We’ve added an extra layer of security for our customers when they interact with us online. Now, my Social Security account holders are required to use their cell phone — in addition to their username and password — as another authentication factor during online registration and every sign in. An authentication factor is information used to determine if someone is who they claim to be.
This extra layer of security is called “multifactor authentication” and complies with an executive order requiring federal agencies to provide more secure authentication for their online services. Any agency that provides online access to a customer’s personal information must now use multifactor authentication.
Since my Social Security became available in May 2012, almost 26 million people have created an account. We have always offered multifactor authentication, but only for customers who opted for extra security. For your protection, we now require multifactor authentication for all my Social Security users. To register and sign in, you must now enter a security code that we will send to your cell phone. Your cell phone provider’s text message and data rates may apply.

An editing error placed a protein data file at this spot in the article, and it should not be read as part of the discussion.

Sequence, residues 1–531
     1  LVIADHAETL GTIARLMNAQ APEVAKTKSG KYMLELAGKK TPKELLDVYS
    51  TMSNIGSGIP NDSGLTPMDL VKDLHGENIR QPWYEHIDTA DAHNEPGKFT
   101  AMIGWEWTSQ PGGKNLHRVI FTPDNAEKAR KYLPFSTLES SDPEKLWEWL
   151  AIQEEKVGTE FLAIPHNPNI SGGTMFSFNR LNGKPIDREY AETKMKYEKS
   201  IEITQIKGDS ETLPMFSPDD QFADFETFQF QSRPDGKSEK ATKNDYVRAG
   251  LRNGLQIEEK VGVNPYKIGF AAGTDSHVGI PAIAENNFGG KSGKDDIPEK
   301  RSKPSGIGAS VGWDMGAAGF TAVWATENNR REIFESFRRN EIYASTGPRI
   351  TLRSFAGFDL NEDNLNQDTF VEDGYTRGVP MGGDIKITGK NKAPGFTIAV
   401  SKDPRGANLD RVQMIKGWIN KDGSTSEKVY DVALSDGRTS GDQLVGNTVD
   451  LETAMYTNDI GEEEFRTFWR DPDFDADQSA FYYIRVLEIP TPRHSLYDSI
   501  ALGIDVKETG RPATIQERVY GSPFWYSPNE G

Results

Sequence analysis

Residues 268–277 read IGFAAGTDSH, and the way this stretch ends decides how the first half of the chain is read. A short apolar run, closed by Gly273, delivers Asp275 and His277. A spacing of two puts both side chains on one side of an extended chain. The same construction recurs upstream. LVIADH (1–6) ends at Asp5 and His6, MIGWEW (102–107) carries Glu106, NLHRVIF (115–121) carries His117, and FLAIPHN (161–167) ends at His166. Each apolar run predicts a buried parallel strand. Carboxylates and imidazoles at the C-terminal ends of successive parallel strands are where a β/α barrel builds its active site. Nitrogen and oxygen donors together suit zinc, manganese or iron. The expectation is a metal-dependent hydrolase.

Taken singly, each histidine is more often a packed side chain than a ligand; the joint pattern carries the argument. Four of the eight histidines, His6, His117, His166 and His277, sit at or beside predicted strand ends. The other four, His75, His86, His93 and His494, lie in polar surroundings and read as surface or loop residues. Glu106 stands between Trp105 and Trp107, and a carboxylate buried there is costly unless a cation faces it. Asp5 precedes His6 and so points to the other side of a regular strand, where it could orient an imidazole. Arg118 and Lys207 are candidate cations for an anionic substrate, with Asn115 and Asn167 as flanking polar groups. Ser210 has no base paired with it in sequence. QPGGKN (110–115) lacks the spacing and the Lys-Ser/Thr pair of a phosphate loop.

Our research shows that an overwhelming majority of American adults have cell phones and use them for texting. Because of technical and resource constraints, we are not currently able to offer alternative methods of satisfying this security requirement. However, we may consider adding more options in the future. We appreciate your patience as we work continuously to secure your online information.
We’re committed to using the best technologies and standards available to protect our customers’ data. Multifactor authentication is just one of the ways we’re ensuring the safety and security of the resources entrusted to us. Visit my Social Security at www.socialsecurity.gov/myaccount to learn more about this helpful suite of online services, including additional details about our latest security measures.